I created a program called Future Farmers of Africa (FFA) to teach conservation, livestock and wildlife management techniques to land users. FFA builds practical skills, enabling rural Namibians to engage in sustainable livestock farming that provides direct and indirect economic benefits for them and their families. Methods for non-lethal predator control, such as the use of livestock-guarding dogs, are also part of the training. Used for thousands of years in Europe, in 1994 I introduced two rare Turkish dog breeds to Sub-Saharan Africa. The Anatolian shepherd and Kangal dogs are best suited for Namibia’s climate and harsh terrain. The dogs are large and protective of whatever animal they bond with. With a loud bark and aggressive posture, they scare predators away. Cheetahs are a mostly non-aggressive species, with a flight versus fight instinct, so the dogs can easily scare them away with their mere presence. The dogs have proven to be highly effective in preventing predation against a whole range of predators, including leopard, jackal, caracal and cheetah. Over the past nearly 30 years, we have bred and provided more than 600 dogs at little or no cost to farmers. Farmers with livestock-guarding dogs from CCF report that their losses have been reduced by 80% or more, and hundreds of cheetah lives have been spared. Our approach to cheetah conservation uses scientific data to educate communities and offers programs that make conservation not just a moral imperative but a practical opportunity. Most importantly, we involve all stakeholders in the conversations and in putting these programs into action. We use a community-based natural resource management approach. The cheetah population of central Namibia has rebounded and is stabilising; now Namibia has the greatest density of any country on Earth. Because of this, Otjiwarongo, the town where CCF is based, is known as “The Cheetah Capital of the World”.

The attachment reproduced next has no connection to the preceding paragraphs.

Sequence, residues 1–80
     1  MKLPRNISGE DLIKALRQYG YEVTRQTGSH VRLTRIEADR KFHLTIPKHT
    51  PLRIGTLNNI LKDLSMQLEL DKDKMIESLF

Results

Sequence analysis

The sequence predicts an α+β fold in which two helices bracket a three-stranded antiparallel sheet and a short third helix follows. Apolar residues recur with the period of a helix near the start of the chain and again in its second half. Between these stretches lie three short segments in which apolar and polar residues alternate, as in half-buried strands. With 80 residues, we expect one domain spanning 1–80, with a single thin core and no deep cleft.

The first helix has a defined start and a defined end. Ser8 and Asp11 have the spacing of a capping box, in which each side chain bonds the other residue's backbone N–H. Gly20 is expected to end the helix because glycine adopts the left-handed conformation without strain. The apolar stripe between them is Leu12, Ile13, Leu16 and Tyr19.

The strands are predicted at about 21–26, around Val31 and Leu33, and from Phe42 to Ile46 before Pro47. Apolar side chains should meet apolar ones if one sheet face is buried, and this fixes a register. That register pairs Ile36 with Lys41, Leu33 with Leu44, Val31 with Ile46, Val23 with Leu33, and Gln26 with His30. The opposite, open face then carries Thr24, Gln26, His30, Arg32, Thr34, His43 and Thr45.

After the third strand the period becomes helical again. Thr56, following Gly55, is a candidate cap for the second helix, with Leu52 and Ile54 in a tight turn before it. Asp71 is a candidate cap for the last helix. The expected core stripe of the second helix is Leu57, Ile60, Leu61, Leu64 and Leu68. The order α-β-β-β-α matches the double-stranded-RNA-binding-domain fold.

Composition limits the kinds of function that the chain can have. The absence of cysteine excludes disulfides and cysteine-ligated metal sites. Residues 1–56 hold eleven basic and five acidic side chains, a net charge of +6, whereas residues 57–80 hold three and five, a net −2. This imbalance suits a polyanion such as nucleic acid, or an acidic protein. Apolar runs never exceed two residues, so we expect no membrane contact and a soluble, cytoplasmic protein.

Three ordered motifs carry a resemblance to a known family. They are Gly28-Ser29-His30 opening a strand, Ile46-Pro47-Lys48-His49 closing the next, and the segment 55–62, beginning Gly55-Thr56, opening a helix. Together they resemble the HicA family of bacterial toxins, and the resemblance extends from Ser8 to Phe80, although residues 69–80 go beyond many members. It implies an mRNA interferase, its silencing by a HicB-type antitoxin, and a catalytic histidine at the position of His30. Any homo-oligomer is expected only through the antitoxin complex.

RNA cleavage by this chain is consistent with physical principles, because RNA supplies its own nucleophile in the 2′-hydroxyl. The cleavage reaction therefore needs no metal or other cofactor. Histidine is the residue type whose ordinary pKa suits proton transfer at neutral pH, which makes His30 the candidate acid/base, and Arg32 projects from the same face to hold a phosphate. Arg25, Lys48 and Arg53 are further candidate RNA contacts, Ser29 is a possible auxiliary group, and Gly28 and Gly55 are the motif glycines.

What have yourself and your research team achieved since CCF was established in 1990?

My research focuses on the biology, ecology and conservation strategies of the Namibian cheetah. I’ve collected and analysed biological samples for nearly 1,000 Namibian cheetahs. I have also tagged and released more than 650 cheetahs back into the wild and placed UVF satellite radio-tracking collars on more than 60 during a 15-year study, which continues today. Going back in time to 1982, I’ve been working in conjunction with researchers from the Smithsonian Institution and the National Cancer Institute on the genetic research of cheetah, which resulted in identifying their lack of genetic diversity, reproductive abnormalities and disease susceptibility, and eventually in 2015, the mapping of the cheetah genome. At CCF Namibia, I established a genome resource bank for cheetahs, containing blood, tissue and semen samples from almost every cheetah we’ve come in contact with over the years. I’ve banked more than 320 semen samples from 200 different males. In the mid-1990s, in collaboration with the Smithsonian Institution, the first artificially inseminated cheetah cub was born from sperm we collected and froze in Namibia. In 2007, I collaborated with the Smithsonian and the University of California, Davis, researchers to produce the first-ever in vitro cheetah embryo developed to the blastocyst stage. Researchers from all over the world access these samples to perform studies, making their findings possible. Our team has built the only fully capable conservation genetics laboratory at an in situ conservation site in Africa. The lab is used to study not only the cheetah, but also many other endangered African species. Researchers from organisations outside CCF use the facility to process their samples, which generates an easy exchange of information. Our research team has also pioneered the use of scat-detection dogs to assist with cheetah census, genetic relatedness and demographic research.

What role does education and engaging with local communities play in the protection of endangered species like the cheetah?